Thus, the burden lies on the government to ensure that the group that was privileged in the past does not become a victim of reverse discrimination and withdraw its contribution to the society. An abrupt withdrawal and flight of this section of society that is well-educated, relatively wealthy, and politically enlightened could prove to be disastrous for development of the nation. For empowerment of members of a marginalized group to take place, it is important to identify the individuals within the marginalized groups that are actually deprived and in need of the state’s intervention. Thus, preference should be given to only those castes within the officially declared marginalized groups for their upliftment, enhancement, and subsequently empowerment. For example, the members of backward caste Madhesis and Madhesi Dalits such as Lohar, Sonar, Dom, Chamars, Musahars and others who actually face discrimination on a daily basis, are at the bottom of the economic ladder and do not have access to social goods and opportunity should be the ones to benefit from the affirmative action policies, but not to the whole “Madhesi group” which they are part of. This is mainly so because some members of the “Madhesi group” such as those belonging to upper castes- Brahmins, Rajputs, and Bhumiyars- are actually more successful and financially well off than the lower caste Madhesis, Dalit Madhesis and even lower caste and Dalit Pahades. If they, along with lower caste and Dalit Madhesis, are made entitled to affirmative actions, the well-educated upper caste Madhesis that are better educated and financially well-off will quickly learn to hop opportunities and reduce affirmative action policies to “affirmative auction.”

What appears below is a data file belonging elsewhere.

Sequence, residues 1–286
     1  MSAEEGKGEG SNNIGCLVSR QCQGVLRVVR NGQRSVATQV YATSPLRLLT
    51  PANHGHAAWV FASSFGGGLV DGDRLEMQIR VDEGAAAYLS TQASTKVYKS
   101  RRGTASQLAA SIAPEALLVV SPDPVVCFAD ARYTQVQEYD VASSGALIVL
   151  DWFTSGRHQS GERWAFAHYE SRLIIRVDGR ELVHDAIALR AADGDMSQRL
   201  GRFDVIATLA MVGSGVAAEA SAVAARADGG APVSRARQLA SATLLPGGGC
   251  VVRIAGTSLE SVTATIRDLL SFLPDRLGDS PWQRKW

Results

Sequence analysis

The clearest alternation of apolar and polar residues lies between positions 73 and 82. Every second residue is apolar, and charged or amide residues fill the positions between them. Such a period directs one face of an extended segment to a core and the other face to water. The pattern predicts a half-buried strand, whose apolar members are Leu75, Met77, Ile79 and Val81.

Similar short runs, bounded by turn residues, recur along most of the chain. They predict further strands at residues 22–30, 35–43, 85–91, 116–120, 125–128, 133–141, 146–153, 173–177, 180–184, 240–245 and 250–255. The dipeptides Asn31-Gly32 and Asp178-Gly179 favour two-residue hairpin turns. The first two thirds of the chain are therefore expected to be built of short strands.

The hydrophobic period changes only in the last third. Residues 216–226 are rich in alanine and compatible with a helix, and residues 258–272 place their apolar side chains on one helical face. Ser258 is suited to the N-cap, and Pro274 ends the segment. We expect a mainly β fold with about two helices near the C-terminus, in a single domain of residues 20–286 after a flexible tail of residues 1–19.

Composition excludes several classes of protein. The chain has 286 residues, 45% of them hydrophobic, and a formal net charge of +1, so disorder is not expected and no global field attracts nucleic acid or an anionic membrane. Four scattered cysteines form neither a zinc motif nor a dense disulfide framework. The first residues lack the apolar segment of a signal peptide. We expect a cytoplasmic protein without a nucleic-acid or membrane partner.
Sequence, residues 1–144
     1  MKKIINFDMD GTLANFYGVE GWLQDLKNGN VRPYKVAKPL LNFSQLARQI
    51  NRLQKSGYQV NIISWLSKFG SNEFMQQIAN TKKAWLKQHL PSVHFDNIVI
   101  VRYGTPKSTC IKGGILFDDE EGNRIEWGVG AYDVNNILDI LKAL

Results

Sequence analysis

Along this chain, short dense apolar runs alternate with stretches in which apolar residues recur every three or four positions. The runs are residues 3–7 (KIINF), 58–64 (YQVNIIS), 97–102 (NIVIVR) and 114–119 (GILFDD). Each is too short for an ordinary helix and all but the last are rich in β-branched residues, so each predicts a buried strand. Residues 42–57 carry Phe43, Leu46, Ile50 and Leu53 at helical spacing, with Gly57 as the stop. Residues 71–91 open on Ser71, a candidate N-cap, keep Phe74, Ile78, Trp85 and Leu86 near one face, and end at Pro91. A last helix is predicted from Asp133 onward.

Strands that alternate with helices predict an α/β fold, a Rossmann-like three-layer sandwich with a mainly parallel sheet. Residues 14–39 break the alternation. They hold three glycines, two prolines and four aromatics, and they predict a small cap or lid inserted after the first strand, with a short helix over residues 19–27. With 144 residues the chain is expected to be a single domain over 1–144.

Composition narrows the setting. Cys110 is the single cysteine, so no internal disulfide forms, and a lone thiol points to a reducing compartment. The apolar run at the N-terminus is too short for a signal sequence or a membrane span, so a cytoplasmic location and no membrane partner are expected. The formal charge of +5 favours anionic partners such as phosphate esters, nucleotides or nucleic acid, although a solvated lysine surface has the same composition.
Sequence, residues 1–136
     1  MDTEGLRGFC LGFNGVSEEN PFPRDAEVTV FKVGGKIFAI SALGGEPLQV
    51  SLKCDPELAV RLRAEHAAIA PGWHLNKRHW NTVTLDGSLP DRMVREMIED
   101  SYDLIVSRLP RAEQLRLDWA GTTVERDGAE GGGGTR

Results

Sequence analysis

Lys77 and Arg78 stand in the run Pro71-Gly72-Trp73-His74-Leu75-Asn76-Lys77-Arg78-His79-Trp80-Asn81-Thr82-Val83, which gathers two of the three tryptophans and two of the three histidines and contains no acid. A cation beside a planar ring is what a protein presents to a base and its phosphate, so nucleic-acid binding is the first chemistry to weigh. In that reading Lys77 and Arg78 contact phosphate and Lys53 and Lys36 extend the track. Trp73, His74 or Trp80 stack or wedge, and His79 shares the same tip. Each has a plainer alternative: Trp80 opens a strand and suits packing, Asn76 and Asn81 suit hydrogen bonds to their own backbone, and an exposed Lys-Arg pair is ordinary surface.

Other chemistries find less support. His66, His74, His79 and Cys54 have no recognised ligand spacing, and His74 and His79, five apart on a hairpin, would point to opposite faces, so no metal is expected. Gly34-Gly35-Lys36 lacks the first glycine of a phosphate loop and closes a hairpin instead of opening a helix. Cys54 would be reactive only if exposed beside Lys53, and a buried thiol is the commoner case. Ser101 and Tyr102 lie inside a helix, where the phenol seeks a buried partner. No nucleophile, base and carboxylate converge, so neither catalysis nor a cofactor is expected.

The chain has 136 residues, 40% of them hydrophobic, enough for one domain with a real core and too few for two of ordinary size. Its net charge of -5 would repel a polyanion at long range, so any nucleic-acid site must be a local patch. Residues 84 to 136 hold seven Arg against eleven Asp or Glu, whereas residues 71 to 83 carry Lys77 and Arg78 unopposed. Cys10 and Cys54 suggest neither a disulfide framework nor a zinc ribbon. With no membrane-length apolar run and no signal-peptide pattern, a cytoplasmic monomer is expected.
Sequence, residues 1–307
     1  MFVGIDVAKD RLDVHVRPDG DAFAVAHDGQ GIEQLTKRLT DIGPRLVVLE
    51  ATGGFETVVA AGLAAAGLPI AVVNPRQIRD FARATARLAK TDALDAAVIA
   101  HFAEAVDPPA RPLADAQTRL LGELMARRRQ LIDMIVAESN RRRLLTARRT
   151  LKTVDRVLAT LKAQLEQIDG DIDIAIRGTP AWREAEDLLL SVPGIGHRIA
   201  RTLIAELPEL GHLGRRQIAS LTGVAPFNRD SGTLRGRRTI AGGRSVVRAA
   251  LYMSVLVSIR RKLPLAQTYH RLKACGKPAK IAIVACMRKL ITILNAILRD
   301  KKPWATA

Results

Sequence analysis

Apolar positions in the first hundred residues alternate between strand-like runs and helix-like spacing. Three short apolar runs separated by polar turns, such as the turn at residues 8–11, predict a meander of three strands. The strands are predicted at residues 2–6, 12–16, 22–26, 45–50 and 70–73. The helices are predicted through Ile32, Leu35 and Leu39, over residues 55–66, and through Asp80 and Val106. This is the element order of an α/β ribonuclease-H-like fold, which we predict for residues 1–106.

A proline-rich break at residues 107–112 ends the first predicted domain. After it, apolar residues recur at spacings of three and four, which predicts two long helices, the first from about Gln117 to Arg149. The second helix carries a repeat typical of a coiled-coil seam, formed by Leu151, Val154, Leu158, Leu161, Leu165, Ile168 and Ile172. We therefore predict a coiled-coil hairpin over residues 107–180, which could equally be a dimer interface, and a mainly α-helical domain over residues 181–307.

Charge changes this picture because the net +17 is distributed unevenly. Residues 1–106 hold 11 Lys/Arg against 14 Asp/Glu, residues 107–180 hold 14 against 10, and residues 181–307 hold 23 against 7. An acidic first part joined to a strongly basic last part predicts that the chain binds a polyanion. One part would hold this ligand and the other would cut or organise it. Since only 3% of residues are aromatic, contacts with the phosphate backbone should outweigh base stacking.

So, instead of blindly allocating opportunities to the people within the certain group, a combination of factors like wealth, education level, income, occupation, and geographical disparities should be used to identify truly needy people among the officially classified marginalized groups. The resources and opportunities thus saved can be distributed among those who are that are needy but are born in the upper castes by default, not by choice.